Here, Katie Byrne discusses how three companies reacted to reviews left by customers online.
Once upon a time, word of mouth recommendations meant one great experience led to, maybe, ten friends and family members hearing about it. Today, when customers interact with your business, they are going to share that experience through online reviews. More often than not, people are taking time to talk about their great experiences online. On Yelp, 79 per cent of reviews are three stars or higher. That said, at some point you will come across an unhappy customer online, just as you would in person. The good news is that the negative review that’s really bugging you isn’t always negative for business if you respond correctly. Here are three top tips for responding when you are faced with reviews ranging from the weird to the wonderful.
Public vs private responses
On some review platforms you can choose to respond to a review publicly or privately, both of which are powerful in their own way. When you respond publicly, all potential customers now see your response, not just the original reviewer. Reading a negative review about your business is not easy. Try to remember that you can’t please 100 per cent of people 100 per cent of the time. Whether through private or public messaging, it is important to try and remove any emotion and drop any attitude in your response. If you cannot resolve the issue, agree to disagree and shake it off.
After Noah, a family-run toy shop in North London, provides us with a great example. This business owner used the public response tool to address pricing concerns by a reviewer. He first acknowledged the good in this review, highlighting that he has items priced from just 10p and that their average sale is £4.99, before inviting the customer back to visit them again. The lesson is to politely respond to the review by acknowledging concerns while highlighting potential discrepancies or misunderstandings without getting into a dispute. Just remember: Whether private or public, craft a response you would be proud for all potential customers to hear you say.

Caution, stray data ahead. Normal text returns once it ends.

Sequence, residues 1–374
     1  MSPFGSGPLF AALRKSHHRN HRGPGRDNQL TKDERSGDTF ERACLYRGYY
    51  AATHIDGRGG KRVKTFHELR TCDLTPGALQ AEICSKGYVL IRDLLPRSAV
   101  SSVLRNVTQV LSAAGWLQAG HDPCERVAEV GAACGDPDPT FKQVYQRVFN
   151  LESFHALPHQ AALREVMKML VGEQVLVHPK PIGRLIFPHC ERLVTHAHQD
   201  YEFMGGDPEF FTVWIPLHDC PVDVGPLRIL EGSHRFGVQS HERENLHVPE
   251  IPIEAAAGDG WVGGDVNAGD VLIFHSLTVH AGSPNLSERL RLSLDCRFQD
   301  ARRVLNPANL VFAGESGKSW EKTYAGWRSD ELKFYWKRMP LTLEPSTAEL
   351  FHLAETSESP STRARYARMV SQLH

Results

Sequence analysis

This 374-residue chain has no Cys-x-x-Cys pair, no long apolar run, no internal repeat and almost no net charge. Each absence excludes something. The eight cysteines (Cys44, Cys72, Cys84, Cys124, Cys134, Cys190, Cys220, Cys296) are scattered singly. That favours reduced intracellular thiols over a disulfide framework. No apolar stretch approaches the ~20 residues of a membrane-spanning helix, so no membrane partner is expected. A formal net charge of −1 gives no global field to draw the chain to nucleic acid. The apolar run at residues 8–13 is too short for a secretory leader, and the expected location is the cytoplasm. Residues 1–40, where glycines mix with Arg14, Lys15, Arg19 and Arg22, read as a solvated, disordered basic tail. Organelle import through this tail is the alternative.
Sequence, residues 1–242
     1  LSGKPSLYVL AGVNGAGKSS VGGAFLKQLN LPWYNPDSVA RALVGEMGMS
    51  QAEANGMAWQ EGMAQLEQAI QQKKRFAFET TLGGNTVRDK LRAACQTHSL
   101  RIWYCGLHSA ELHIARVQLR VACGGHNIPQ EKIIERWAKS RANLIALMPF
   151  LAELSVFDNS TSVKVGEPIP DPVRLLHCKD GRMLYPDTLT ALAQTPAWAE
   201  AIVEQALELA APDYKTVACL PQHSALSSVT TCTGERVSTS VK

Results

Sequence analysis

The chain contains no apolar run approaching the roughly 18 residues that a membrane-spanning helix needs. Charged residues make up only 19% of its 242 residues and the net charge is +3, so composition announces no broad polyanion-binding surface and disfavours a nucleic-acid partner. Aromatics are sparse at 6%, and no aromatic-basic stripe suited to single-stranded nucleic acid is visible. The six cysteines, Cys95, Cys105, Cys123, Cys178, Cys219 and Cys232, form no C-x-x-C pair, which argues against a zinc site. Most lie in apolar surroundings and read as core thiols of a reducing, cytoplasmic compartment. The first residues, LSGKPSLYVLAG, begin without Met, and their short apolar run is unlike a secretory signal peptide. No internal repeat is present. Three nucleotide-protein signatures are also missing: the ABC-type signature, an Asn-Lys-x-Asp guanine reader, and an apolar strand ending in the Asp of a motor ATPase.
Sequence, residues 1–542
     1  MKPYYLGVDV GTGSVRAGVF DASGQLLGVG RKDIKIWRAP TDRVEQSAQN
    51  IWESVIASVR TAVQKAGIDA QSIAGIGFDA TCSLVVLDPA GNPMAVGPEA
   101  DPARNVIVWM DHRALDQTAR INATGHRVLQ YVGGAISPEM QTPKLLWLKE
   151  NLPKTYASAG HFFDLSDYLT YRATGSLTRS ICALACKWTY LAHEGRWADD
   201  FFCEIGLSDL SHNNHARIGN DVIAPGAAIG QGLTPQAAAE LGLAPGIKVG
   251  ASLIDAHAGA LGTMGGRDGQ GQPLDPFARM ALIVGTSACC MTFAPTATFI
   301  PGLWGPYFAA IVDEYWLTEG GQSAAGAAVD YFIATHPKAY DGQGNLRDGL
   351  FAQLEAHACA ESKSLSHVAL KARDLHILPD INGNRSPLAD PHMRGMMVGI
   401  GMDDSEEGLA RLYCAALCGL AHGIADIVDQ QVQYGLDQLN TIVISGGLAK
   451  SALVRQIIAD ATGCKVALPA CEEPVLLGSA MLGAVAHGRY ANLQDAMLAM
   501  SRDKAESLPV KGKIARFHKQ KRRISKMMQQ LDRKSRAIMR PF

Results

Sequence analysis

Show you’re listening
How you respond to a review can make all the difference in how your potential customers perceive your business. When a customer has a valid complaint which you would like to remedy or to hear more about, keep your response short and thankful for the feedback. Acknowledge publicly that you are also going to follow with a private message. It’s a good idea to thank customers for their feedback and acknowledge the good in the review.
Businesses such as Feel Hairdressers in Soho take the time to thank customers for their feedback. This allows prospective customers to see that your business is committed to providing the best possible customer service.
Amplify your content
With the explosion of new social media channels and the huge demand for content it can be hard to keep up. Your online reviews can be a great way to build out fresh content as you can share your favorites directly to your Facebook and Twitter. This lets your customers do the talking for you and lets your audience hear all the great things they are saying about your business. Photos are another great way to share customer experiences with your business. Take this example of Brother Hubbard cafe, who received a glowing, and undeniably, quirky review from Colin D, this is the ideal content to share via Facebook or Twitter. It’s always nice to remember to thank the reviewer for sharing their feedback, and, in this instance, if you start serving chai lattes, be sure to let him know!
Always be open to feedback
Remember, consumer reviews can be an insightful part of your market research. Read them with an open mind and try to identify any recurring themes. Research your competitors too and see what their customers are raving about! Responding to reviews is a free tool you have in your arsenal which allows you control the conversation about your business online. Just as no two customers are the same, no two reviews will be either. It is important you listen to each review and respond as you would in person. The same customer service policies should apply online as they do offline.
Katie Byrne | | Comment & opinion | Business management